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What is a regulated tenancy?

SDL Property Auctions explains all about what a regulated tenancy is. 

A more unusual form of tenancy in rental properties, a regulated tenancy differs from more common rental agreements. While there are many properties sold with SDL Property Auctions, one property that caught bidders’ attention in one of our auctions was a terraced house in Chinley, Derbyshire, which was sold at auction for £110,000 plus fees. This particular property quickly sparked bidders’ interest, with many enquiring about what a ‘regulated tenancy’ is. An old form of tenancy but, nevertheless, something that those involved in property should be aware of in case it crops up, it’s no surprise many buyers and sellers today may be unfamiliar with the term.

Sometimes also referred to as ‘protected tenancies’ or ‘rent act’ tenancies, a regulated tenancy is an agreement which prioritises the tenant over the landlord, providing them with more comprehensive rights compared to what you might find in a more standard rental agreement. In this post, we’ll provide a run-down of the basics of this type of tenancy, as well as discussing other significant points that potential buyers or tenants of a property that has a regulated tenancy will need to know.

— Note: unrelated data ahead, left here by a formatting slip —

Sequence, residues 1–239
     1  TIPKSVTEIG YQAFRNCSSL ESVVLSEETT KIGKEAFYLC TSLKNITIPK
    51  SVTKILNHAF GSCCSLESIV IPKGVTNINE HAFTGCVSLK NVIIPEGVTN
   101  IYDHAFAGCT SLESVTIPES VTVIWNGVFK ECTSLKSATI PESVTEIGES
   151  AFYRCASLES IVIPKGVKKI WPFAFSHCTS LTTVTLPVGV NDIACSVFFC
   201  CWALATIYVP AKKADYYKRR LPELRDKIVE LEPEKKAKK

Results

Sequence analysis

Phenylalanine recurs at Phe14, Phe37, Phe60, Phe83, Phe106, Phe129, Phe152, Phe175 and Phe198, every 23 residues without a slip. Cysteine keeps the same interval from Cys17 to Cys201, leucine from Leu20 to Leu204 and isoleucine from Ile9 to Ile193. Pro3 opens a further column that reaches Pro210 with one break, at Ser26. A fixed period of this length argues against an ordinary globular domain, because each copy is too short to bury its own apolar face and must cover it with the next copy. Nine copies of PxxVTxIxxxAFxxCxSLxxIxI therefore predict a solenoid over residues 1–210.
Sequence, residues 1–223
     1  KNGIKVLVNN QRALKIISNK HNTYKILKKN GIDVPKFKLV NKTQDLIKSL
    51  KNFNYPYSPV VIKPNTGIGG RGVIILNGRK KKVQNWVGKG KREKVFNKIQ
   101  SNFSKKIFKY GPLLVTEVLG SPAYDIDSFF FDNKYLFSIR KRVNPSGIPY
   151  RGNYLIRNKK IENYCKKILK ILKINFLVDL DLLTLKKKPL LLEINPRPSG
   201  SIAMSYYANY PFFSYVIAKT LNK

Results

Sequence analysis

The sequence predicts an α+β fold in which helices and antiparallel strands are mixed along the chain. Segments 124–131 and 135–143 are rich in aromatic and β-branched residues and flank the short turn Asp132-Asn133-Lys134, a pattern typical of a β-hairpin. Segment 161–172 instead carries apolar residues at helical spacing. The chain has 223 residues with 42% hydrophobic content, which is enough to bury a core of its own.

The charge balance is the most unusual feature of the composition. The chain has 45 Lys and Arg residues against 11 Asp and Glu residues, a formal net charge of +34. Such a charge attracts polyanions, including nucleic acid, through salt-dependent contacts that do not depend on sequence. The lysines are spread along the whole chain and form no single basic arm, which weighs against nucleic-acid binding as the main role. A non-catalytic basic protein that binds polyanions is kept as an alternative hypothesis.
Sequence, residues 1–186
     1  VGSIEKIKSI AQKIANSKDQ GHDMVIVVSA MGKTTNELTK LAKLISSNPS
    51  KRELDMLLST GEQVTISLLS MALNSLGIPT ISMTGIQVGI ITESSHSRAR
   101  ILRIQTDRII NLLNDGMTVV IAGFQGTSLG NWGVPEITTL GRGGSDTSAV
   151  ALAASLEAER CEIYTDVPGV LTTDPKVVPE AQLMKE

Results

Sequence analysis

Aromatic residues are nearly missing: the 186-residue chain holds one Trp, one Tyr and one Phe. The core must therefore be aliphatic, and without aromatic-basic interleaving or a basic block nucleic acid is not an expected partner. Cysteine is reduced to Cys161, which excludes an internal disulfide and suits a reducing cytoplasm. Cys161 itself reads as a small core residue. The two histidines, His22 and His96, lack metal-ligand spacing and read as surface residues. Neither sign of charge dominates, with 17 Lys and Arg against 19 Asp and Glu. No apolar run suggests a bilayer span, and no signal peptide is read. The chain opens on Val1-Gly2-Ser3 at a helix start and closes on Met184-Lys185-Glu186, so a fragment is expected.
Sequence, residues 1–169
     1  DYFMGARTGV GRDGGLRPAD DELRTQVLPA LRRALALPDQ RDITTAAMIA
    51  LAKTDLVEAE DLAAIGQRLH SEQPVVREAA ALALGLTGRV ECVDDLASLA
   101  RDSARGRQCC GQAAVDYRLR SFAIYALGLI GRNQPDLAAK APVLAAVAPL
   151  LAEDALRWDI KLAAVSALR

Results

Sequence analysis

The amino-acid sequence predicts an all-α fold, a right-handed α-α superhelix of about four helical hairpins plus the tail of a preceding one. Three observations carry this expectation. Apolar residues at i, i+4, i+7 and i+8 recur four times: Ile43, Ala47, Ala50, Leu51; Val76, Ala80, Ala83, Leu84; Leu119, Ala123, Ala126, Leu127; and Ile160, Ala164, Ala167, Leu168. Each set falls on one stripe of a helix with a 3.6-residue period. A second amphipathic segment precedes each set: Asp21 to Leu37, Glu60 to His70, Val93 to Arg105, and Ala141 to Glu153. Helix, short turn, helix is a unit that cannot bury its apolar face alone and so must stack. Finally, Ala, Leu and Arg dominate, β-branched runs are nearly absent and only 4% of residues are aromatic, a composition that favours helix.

What is a regulated tenancy in England?

In England, a regulated tenancy is a type of rental agreement between a tenant and a private landlord. These agreements date all the way back to before the 15th January 1989 and offer the tenants a right to remain in the property for life. So, if a resident’s tenancy started before this date and the resident pays rent to a private landlord, this means it’s likely they’re under a regulated tenancy agreement, which is covered by the Rent Act 1977. The majority of properties rented out after this date have an assured shorthold tenancy (AST) which is the most common type of tenancy for rental properties. Although there are now very few properties in the UK that include a regulated tenancy, in some limited circumstances, it can still be possible to have this.